for Mr. Anderson, of Kentucky. Instructions will be given to the superintendent at Sandusky.
EDWIN M. STANTON.
OFFICE COMMISSARY-GENERAL OF PRISONERS,
Washington, D. C., November 23, 1863.
General W. D. WHIPPLE,
Assistant Adjutant-General, Chattanooga, Tenn.:
I am unable to furnish a classification of the rebel prisoners delivered at City Point to July 25. Their exchange, as announced by Mr. Ould, is recognized.
Commissary-General of Prisoners.
WASHINGTON CITY, D. C., November 23, 1863.
Brigadier General S. A. MEREDITH,
Commissary for Exchanged of Prisoners:
SIR: Your note forwarding a copy of Mr. Ould's letter of the 18th instant, addressed to yourself, as an answer to my letter of the 13th, has been received. Mr. Ould, I perceive, states that our prisoners in Richmond receive "the same rations as soldier in the field," according to the "regulations. "
The "regulations" may be such as Mr. Ould states them to be, but that our prisoners receive the "rations," as stated is contradicted by all the evidence that has reached me outside of Mr. Ould's statement, and this evidence rests upon the statements of eye witnesses and of actual sufferers under the treatment received in Richmond and at Belle Isle, besides the testimony of facts disclosed by the visible condition of a delivery of some 180 prisoners made at City Point, many of whom died before reaching Fort Monroe from starvation, according to the judgment of a competent medical officer.
Upon the evidence above stated, the Secretary of War ordered supplies to be sent for distribution to the remaining prisoners, and this state of things induced the letter of the 13th instant, proposing to receive on parole the prisoners, and to hold them off duty until exchanged, independently of all existing difficulties on the subject of exchanged.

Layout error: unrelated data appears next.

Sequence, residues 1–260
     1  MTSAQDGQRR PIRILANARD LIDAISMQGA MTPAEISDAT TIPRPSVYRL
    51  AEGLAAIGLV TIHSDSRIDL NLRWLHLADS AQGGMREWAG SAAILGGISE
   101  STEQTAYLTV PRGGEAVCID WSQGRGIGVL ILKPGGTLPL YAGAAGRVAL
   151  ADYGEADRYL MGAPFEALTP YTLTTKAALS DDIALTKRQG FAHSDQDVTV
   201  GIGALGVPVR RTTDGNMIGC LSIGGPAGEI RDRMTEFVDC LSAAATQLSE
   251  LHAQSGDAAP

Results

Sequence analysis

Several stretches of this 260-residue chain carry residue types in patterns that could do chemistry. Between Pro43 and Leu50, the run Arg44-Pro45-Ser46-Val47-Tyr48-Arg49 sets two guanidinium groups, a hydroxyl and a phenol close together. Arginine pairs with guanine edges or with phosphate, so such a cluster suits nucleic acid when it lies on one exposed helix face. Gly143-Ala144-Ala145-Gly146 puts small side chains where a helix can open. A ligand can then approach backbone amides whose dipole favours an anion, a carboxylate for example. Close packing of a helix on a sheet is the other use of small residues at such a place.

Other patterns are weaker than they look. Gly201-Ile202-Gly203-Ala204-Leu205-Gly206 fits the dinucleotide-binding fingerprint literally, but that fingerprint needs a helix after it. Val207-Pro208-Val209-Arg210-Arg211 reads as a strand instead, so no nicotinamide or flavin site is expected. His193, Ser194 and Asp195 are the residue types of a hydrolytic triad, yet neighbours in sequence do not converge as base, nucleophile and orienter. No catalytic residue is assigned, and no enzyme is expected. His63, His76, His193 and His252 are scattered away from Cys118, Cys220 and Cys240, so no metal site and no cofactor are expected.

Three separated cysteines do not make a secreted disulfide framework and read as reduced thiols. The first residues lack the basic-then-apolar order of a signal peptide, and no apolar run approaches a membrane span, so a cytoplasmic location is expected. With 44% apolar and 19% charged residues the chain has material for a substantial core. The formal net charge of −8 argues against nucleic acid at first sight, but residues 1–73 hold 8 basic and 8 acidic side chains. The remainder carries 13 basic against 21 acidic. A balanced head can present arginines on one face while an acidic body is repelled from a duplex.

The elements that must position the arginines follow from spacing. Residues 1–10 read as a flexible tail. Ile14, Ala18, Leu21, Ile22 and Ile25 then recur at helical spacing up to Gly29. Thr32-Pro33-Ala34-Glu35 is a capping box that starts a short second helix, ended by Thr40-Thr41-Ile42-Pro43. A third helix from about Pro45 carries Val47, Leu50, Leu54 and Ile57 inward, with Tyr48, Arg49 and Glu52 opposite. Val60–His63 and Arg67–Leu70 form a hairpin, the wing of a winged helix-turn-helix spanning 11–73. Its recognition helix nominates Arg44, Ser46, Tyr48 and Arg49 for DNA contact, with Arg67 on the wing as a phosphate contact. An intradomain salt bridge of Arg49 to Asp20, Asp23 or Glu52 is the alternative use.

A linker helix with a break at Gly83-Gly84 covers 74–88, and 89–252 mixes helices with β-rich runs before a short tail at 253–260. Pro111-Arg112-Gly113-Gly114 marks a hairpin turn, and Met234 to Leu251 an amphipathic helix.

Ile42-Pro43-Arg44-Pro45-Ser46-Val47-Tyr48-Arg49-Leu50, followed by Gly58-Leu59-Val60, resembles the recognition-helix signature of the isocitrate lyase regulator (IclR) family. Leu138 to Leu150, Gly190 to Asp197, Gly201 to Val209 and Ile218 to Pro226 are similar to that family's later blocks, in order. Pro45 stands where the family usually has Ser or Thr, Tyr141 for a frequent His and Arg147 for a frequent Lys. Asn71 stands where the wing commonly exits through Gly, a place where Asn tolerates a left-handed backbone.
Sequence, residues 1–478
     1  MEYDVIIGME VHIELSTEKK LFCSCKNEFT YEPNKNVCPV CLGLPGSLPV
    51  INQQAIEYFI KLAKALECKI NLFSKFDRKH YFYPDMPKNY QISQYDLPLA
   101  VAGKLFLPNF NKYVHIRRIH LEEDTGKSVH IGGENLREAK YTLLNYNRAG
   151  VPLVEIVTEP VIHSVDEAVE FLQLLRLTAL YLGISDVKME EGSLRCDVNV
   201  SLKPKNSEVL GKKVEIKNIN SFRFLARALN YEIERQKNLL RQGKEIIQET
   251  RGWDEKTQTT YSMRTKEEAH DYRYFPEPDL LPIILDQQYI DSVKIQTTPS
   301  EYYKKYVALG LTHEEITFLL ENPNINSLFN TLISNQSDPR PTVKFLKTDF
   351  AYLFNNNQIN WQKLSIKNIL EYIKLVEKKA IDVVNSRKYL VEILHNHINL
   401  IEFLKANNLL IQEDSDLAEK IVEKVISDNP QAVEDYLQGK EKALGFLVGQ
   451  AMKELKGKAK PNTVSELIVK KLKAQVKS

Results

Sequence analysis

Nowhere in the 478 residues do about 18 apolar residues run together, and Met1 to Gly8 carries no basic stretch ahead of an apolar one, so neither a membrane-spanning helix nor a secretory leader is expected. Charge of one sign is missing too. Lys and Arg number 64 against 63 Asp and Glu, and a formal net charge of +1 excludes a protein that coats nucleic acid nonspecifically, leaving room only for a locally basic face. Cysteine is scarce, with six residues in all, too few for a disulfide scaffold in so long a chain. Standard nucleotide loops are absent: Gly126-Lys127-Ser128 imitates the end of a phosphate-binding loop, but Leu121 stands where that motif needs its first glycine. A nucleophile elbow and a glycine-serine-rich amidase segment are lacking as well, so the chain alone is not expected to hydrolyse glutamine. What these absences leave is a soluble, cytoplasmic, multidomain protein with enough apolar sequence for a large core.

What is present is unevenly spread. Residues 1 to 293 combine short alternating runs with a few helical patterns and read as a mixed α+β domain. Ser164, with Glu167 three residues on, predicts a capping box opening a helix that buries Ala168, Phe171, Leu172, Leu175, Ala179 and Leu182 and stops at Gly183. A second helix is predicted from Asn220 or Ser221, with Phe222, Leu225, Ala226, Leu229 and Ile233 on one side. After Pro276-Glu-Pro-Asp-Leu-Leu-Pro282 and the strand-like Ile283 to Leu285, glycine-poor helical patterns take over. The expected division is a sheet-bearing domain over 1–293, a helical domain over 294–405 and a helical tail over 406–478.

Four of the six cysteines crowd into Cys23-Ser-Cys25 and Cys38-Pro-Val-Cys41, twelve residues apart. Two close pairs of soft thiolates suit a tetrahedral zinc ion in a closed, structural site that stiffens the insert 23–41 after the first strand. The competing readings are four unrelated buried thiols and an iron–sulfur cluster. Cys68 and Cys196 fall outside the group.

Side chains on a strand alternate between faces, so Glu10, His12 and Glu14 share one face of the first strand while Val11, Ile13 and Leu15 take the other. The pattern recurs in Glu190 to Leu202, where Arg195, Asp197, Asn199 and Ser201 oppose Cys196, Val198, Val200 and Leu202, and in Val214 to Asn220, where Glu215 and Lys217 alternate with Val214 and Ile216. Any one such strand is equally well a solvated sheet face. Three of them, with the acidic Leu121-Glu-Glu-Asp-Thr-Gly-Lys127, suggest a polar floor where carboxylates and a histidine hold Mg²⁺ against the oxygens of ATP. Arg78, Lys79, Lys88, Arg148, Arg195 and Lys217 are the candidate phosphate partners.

Mr. Ould declines this offer, and proposes that if we will send to the South the prisoners in our hands, they will send ours to us, "the excess on one side or the other to be on parole. "
Whatever appearance of verbal fairness these may be in this, the conduct of Mr. Ould in connection with recent declarations of exchange will not permit us to regard this proposal as made in good faith, and we cannot rely upon its being carried out by the enemy.
In the first place, the proclamation of Mr. Davis, and other public acts of those in power in the South, remain in full force, so far as we know, and are actually being enforced in hitch a distinction is made between classes of troops employed by the United States, and officers serving with colored troops, if taken prisoners, do not receive, and are not to receive the treatment due to prisoners of war, whilst the enlisted men of colored troops when taken prisoners, it has been publicly declared, shall be sold into slavery.
That this distinction is made actual, in the treatment of prisoners of war, we know in some cases, and have much reason to apprehend it in